Cirque de Demain: The Wings’ Beat of Tomorrow’s Circus
In the more than four decades since its inception, Le Festival Mondial du Cirque de Demain has become one of the major happenings of the circus world, showing us year after year the constant evolution of our art form. In this review, Raffaele De Ritis offers us a glimpse at the 42nd Cirque de Demain festival (Paris, January 26-30, 2023), as well as its story and the ever-changing circus.
To understand the impact of Cirque de Demain, this year at its 42nd edition, it is helpful to apply the theory of how the beating of a butterfly’s wings can generate a tornado.
The flirtation of French culture with circus is well-established over the centuries, with countless influential fans in the literary and journalism worlds passing themselves the torch through history. In the post-WWII years, the chiefest of those characters was Louis Merlin (1901-1976), a seminal pioneer of radio broadcasting, who in the 20s had created La Piste, a fundraising association to assist financially the needs of the circus community. Merlin once a year turned into a ringmaster to preside over the benefit soirée Gala de la Piste, which showcased the world’s top circus acts. For the event, he inherited the iconic blue frock coat of theMonsieur Loyal lineage, a ritual tradition transmitted through Parisian ringmasters for a century.
After Merlin’s passing, his pupil Dominique Mauclair (1929-2017) paid tribute to his memory with the Bourses Louis Merlin, a grant to be awarded to young artists under 25 during an evening of performances in front of a jury. The first “Bourses” edition was launched as a single informal day at the Cirque d’Hiver on a January evening in 1977 and was more or less ignored by the community, with not even 400 people in the audience and mostly French circus youth in the competition (although the winners were The Wee Geets, a family of hand-balancers from Colombia). After three years, this event took on the title of Cirque de Demain.
At this time, the prevailing idea of “circus youth” corresponded to the kids of circus families and, if circus was considered to be an international community, then specific occasions of international gatherings were scarce (the Monte-Carlo festival, started in 1974, being the sole example). Slowly, however, the butterfly started to work its miracle. And Mauclair, an eclectic, open-minded globetrotter, prolific writer, and bon vivant—think a sort of Hemingway of the circus world—was more than sensitive to cultural exchanges.
The festival began to attract unexpected newcomers to the classic ring: mimes from the street scene, such as a then-unknown David Shiner, and; the results of the very first circus schools—the graduates of Gruss’ school or Fratellini’s, as well as, later on, of those in Montreal, or the Big Apple kids from Harlem. Circus directors began to congregate in Paris yearly, doubling up on the Monte-Carlo trip. Here they were sure to feed their programs with fresh and unpredictable revelations from new performers.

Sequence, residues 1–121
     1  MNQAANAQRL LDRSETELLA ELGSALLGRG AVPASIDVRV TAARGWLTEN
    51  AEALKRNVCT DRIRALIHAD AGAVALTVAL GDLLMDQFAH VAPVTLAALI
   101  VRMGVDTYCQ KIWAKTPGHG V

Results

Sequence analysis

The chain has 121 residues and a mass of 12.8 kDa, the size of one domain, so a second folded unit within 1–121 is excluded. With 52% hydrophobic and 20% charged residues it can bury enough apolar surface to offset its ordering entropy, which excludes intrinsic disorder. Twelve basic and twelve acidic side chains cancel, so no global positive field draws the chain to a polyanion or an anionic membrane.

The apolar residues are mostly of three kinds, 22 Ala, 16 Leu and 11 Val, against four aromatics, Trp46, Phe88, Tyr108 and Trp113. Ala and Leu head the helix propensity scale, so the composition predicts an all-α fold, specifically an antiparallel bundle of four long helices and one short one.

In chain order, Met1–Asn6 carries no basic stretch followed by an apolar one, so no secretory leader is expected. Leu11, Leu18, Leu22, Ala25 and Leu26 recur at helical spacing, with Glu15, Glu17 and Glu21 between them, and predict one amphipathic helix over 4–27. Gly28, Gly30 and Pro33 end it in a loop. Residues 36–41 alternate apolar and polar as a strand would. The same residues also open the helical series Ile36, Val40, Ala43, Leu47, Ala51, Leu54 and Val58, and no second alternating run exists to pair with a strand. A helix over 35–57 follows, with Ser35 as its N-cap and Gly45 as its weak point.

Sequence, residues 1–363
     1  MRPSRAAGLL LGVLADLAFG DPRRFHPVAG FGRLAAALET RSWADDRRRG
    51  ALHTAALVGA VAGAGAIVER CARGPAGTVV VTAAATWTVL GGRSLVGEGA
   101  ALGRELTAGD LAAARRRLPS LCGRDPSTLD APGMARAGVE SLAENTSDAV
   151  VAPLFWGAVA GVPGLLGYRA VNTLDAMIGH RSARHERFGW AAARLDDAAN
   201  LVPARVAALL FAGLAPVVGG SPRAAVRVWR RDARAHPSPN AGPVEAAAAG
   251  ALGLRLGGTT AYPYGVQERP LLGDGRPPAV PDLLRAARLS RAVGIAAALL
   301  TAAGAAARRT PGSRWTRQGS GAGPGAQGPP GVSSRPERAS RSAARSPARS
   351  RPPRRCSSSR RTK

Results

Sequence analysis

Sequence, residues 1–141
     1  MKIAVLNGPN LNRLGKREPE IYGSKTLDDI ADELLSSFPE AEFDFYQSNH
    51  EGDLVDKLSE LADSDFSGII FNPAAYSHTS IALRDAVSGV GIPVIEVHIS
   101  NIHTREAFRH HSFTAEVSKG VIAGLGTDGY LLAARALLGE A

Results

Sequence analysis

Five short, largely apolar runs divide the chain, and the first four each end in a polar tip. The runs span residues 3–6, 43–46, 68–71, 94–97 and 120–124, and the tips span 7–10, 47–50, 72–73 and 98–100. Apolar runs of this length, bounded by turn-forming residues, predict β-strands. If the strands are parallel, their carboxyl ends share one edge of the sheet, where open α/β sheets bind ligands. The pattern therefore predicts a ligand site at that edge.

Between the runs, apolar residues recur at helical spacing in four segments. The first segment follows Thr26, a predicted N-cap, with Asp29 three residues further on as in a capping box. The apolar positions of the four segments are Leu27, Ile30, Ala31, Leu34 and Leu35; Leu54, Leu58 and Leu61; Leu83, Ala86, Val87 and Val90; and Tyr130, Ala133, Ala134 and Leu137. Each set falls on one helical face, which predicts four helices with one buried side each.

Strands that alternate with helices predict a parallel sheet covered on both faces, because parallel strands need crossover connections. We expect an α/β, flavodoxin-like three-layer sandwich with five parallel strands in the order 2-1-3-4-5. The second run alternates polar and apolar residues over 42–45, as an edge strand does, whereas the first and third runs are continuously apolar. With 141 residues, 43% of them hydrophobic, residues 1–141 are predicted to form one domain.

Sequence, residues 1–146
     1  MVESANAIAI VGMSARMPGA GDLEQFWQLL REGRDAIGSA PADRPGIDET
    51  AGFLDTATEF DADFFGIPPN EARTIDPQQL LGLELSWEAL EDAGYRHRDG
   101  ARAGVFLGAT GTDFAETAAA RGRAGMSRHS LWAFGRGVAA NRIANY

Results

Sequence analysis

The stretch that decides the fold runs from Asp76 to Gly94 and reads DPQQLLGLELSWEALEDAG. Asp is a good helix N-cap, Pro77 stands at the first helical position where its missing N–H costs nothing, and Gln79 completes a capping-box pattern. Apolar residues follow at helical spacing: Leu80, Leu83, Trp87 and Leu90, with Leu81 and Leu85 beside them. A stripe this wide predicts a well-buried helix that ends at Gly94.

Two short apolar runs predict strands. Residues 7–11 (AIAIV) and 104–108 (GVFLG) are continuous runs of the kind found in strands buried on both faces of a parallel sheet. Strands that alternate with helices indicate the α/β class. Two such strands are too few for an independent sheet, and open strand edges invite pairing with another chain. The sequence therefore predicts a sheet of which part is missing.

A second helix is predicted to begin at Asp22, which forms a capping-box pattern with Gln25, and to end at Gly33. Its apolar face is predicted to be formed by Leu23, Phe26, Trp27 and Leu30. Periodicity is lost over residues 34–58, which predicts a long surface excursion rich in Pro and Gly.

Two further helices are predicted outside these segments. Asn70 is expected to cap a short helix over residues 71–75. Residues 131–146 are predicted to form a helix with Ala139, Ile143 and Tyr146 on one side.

It is “the Demain” that started such circus legends as Anthony Gatto or the Alexis Brothers. By the mid-80s, disruptive newcomers such as Roncalli and Cirque du Soleil looked here to cast their first shows. Furthermore, the official credibility of the Paris festival helped to make it the first place ever to reveal talents from closed-off circus empires like China and Mongolia. Later, some of Mauclair’s selections among competing artists started to spread the emerging concept of “artistic direction” in a circus act (something relatively new to the field), as with the Russian avant-garde of Valentin Gneuchev in the 90s. Many iconic techniques of our day, from the Cyr wheel to aerial silks, first saw the light at Demain. Before even the notion of “new circus” arose (Mauclair himself is said to be the first to use “nouveau cirque” expression as an artistic tendency), the Paris festival foresaw a global model of transcultural circus: circus beyond geopolitical borders, practice identities, and aesthetic categories.
Held annually in different French circuses (mostly under Gruss’ big top, later on at Cirque d’Hiver), the Cirque de Demain Festival entered a new era when Mauclair discreetly retired; in 2006, he was the last gentleman ever to dress in that glorious, two-century-old blue coat. By the 28th edition, the festival organization passed into the hands of long-experienced and sensitive impresario Alain Pacherie—a man with a curious, intelligent gaze on global circus culture, who benefits from the inspired artistic direction of Pascal Jacob, prolific writer-collector and designer for some of the world’s most lavish circus productions of the last two decades. And Pacherie’s own Cirque Phenix—the world’s largest big top active as a circus—became the new Festival home.
Festival in a new era, acts in new forms